Power of The Word
In the perfect divorce world, you and your former spouse will agree to parent your children amicably, and always agree to uphold the other’s standards, rules, and/or punishments. But let’s face it – that’s not going to happen. When one or the other of you impose a punishment, the other isn’t going to want to uphold it if it’s going to infringe on “fun” time that was planned or if it will inconvenience or make that parent “be the bad guy.”
The hardest thing to accept in a divorce is that you no longer have complete control over your children nor your spouse. When your kids are with the other parent, you don’t get to tell the other parent what they can or can’t do with his or her own children. And the sooner you learn to accept this, the better it will be for you and the kids.
And The Word Is…
Your former spouse is going to do things with your kids you would never in a million years have considered letting your kids do. Learn to say, “whatever.” Perhaps he’s doing it to see if he can get a rise out of you. If for no other reason, don’t let him win. Don’t give him the opportunity to tell the kids, “We would have done this really fun thing, but your mom won’t let us do it.” Or maybe she is letting the kids stay up late on school nights and miss school because they aren’t finishing homework. Practice saying, “whatever.”
Arguing with your former spouse isn’t going to change their behavior and is likely only going to fuel the flames. If your children are safe and happy, there is nothing to worry about, and, frankly, nothing you can do. You cannot control the other person’s behavior, and you cannot control what they do when your children are with them, so long as they are not placing your children in danger.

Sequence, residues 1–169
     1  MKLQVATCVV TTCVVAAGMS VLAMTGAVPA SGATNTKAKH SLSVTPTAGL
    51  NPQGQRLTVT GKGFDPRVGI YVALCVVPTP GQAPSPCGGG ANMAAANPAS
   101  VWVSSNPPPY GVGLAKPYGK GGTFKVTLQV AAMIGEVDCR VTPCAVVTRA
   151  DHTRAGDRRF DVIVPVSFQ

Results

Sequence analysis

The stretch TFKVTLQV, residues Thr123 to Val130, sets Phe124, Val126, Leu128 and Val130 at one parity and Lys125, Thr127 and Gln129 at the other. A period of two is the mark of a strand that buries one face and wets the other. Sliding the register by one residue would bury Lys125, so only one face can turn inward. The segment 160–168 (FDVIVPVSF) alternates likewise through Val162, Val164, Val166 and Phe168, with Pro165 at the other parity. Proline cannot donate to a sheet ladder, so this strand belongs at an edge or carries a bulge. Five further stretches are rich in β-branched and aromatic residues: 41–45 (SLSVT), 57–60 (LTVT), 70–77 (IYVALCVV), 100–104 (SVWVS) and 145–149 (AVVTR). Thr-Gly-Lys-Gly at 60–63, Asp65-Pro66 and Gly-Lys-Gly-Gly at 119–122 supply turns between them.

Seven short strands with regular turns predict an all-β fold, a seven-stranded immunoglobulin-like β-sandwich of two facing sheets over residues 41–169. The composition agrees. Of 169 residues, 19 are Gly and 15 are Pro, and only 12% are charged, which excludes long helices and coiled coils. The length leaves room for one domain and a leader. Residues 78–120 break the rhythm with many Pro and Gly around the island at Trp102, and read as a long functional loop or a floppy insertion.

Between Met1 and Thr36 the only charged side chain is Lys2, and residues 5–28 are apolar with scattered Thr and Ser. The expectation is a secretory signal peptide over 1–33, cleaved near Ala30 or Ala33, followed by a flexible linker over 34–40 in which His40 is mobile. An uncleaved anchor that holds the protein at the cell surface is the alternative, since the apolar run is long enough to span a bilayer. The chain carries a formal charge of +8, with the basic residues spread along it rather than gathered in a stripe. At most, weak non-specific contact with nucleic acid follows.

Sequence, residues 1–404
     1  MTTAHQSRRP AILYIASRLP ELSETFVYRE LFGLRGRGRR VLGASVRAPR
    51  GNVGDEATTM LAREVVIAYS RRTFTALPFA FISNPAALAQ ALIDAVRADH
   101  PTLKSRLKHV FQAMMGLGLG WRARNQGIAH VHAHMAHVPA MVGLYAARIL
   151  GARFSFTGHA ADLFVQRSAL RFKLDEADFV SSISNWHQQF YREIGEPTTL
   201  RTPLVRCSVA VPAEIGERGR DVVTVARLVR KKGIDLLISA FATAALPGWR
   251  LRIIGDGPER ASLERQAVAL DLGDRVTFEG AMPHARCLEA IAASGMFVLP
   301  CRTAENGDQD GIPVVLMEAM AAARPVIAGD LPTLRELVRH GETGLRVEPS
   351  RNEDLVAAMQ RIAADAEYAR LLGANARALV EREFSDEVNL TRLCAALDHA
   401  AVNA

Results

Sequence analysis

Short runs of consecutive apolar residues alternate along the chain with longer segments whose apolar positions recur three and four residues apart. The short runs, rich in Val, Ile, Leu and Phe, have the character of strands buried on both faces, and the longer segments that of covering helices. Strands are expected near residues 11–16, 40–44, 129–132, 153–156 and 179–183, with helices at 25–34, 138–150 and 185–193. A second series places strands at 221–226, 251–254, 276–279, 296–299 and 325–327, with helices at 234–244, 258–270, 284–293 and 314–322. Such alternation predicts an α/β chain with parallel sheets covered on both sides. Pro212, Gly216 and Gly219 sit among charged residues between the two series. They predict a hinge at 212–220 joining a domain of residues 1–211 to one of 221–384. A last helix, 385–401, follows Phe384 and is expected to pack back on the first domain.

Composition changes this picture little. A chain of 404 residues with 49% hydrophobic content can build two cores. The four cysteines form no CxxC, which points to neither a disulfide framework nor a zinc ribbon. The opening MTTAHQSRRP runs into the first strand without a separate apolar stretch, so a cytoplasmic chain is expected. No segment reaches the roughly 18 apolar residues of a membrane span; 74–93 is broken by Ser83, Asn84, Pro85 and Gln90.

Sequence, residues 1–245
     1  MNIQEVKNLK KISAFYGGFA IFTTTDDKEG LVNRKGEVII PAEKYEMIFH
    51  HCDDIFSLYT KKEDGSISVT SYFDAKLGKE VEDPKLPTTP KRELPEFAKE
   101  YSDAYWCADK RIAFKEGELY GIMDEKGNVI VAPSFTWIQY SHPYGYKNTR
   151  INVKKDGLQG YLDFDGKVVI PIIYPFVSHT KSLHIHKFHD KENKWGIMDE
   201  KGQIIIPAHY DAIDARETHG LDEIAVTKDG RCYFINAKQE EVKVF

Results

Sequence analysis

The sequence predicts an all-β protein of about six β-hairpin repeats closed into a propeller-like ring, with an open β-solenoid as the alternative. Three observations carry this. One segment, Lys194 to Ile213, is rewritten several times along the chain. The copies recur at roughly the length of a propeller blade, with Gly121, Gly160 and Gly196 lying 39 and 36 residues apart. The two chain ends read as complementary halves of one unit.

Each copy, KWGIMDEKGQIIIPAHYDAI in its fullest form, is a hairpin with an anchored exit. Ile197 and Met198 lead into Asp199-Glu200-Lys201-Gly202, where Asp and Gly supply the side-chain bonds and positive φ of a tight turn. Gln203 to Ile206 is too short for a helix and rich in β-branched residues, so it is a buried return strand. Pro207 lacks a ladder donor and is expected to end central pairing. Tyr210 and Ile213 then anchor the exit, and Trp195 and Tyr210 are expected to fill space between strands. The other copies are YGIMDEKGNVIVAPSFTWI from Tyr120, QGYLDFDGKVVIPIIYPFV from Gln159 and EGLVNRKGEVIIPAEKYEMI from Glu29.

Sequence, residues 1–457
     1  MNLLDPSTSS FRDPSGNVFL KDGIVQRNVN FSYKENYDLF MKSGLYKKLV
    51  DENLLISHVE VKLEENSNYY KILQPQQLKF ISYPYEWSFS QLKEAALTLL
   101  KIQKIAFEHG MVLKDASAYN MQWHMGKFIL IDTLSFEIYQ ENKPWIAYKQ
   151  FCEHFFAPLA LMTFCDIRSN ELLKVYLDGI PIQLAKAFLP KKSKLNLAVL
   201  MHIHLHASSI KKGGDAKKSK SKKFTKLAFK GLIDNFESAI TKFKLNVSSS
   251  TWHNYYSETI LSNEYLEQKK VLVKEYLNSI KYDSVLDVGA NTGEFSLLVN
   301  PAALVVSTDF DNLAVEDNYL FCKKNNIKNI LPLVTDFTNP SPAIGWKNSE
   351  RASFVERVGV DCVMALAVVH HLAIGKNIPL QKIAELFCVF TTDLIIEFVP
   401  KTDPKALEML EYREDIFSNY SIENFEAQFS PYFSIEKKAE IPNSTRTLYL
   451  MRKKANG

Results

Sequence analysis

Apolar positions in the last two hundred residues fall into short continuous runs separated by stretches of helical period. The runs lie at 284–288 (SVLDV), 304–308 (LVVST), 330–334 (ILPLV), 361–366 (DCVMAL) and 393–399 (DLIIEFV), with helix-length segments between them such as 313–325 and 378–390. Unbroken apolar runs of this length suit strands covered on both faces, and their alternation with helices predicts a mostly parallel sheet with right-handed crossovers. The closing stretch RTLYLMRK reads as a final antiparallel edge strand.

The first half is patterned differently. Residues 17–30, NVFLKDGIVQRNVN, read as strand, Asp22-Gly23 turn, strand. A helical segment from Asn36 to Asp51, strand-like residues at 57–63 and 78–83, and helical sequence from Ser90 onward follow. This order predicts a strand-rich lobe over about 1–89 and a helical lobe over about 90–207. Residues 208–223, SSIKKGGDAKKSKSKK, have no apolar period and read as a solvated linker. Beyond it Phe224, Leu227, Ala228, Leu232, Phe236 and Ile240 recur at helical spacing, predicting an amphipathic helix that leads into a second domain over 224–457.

When your children are in the care of the other parent, take the time to do some self-care. Go to the gym, go out with friends, find a new hobby. Think about all those times you would have loved to have had some time to yourself! Now you have it – make the most of it! Grab a book and go to the beach, take a weekend trip, go visit your parents, or just spend the time binge-watching your favorite Netflix series.
When the kids come home, be genuinely interested in what they did. Don’t “grill” them about their time with the other parent – they may be anxious about sharing things, if they think you’re going to be angry with them or with their other parent. Whatever they tell you, accept it, and allow them to be excited and happy. Practice saying, “whatever!” (But say it to yourself, not to them!) If you become angry, your children will be less inclined to share things with you, and that’s a bad precedent. The more open you are with them, and the more open you allow them to be with you, the more information you will get not only now, but as they get older. Set the tone now for an open relationship in the future.
The more you practice saying, “Whatever,” the more you’ll find that things don’t bother you so much. Initially, you’ll be boiling on the inside. It may help to find a good friend to vent to. But if you can remain calm in the presence of your children and your former spouse, you are winning a huge battle. Over time, you’ll find that “whatever” comes more easily, and you’re not as hot on the inside as you once were. And believe it or not, one day, it really won’t matter!